3 Things I Wish I Would Have Told My Teachers
This one goes out to all of my hard working, influential teachers I had growing up. Here are three things I regret not telling you while I was in school.
1.) What you do matters.
I still remember when in Kindergarten you made me stay after school because you caught me bullying a child getting on the bus. You were disappointed in me and scolded me that I was better than that. Your comments stuck with me to this day, and I still feel sorry for hurting that boy’s feelings. What you do matters.
I still remember when in the 3rd grade you told me that you would buy my first published book someday when I was a famous author. To this day, I still love to write and feel a sense of pride and accomplishment when I do so because of your words of encouragement. You inspired me to keep writing and to always believe in myself. What you do matters.
I still remember when in high school you helped me grow into a leader with the National Honor Society and wrote me a wonderful letter of recommendation. That letter admitted me into my top choice of college, and I now aspire to be a school counselor so I can guide others as you unselfishly guided me. What you do matters.
You may not realize it at the time, but each and every day you had been shaping me into the individual that I am today. Your thoughtful words of encouragement and hard work built the foundation of my self-esteem and knowledge base. Because of your praise and confidence you instilled in me, I am a better person. Those moments you may never remember have stuck with me and taught me valuable lessons throughout the years. Thank you.
2.) Thank you for pushing me to reach my full potential.
I still remember when in the 7th grade you pushed me run for Student Council because you thought I was a natural born leader. That gave me confidence to later run for various leadership positions in high school and college, which ultimately helped build my resume and become a better-rounded individual. Thank you for the push.
I still remember when in my junior year of high school you told me to register for College Credit history because you I knew that I was capable and needed to be challenged and prepared for college classes. This class benefited me more than you will ever know, ultimately helping me build study habits that have stuck with me for life and refining my writing and critical thinking skills. Thank you for the push.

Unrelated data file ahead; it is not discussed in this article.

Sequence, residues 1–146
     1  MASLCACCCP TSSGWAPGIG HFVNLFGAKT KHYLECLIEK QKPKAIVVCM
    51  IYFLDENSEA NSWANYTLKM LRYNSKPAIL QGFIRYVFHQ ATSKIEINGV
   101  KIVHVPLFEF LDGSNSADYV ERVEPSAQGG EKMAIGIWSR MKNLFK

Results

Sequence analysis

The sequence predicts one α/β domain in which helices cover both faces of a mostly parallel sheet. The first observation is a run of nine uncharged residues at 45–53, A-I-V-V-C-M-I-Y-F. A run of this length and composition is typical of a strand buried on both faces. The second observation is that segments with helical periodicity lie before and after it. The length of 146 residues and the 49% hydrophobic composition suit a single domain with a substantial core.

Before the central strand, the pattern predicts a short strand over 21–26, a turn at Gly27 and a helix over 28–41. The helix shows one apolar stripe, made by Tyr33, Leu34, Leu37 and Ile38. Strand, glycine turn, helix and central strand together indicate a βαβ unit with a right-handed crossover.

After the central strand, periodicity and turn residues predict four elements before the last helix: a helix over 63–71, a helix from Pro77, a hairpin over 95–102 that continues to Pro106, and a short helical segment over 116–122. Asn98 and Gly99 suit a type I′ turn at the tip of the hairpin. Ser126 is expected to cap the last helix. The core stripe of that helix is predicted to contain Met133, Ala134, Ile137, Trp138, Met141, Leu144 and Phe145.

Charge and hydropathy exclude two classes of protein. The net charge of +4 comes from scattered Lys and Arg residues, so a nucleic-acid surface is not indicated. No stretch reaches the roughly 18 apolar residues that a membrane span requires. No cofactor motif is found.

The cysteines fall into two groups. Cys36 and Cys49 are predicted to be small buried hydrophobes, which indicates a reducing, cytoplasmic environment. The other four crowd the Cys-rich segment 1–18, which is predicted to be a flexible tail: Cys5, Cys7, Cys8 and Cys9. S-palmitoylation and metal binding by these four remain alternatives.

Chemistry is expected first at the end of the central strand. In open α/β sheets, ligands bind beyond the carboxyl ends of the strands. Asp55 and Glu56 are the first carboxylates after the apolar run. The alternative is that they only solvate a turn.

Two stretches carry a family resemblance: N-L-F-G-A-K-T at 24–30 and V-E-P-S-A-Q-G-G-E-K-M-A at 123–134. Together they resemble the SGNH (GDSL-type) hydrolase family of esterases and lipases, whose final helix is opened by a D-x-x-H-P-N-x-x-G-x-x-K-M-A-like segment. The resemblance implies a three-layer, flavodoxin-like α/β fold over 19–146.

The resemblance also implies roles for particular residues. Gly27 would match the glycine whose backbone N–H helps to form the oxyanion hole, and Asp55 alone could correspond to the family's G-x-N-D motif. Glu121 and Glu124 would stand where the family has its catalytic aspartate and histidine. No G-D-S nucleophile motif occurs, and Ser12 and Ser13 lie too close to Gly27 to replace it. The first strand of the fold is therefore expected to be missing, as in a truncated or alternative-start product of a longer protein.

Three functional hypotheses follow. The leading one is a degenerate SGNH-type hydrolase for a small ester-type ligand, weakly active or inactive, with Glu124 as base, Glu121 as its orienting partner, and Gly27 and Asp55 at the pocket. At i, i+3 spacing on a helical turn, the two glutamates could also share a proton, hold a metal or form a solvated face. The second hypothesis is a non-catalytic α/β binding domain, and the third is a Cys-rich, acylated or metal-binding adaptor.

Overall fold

I still remember when in my senior year taking a College Credit literature class you gave me a C on my first paper. I was baffled and upset with this because English was my best subject and never had I been given a C on a paper before. This taught me to put my full heart into my work and to never slack off. Thank you for the push.
By pushing me, you helped me reach for my goals and not quit until I succeeded. You helped define me as a person by teaching me to never settle for anything but my best. Thank you.
3.) I respect what you do, and I think you’re amazing.
Day in and day out, you come to work with a positive attitude and a passion for teaching. You spend your time at home planning lessons and grading papers until the wee hours of the night instead of having your night off. It takes a special person to be surrounded by kids every day and to be responsible for their learning and growing. You carry more than just the label of teacher; you carry the label of mentor, guider, and caregiver. Thank you for doing what you do. You are the first educator of future doctors, lawyers, vets, presidents, and all other beings in this world who grow up to make a difference.
Because at some point in their lives, these people were guided and encouraged by someone who believed in them. Someone like you.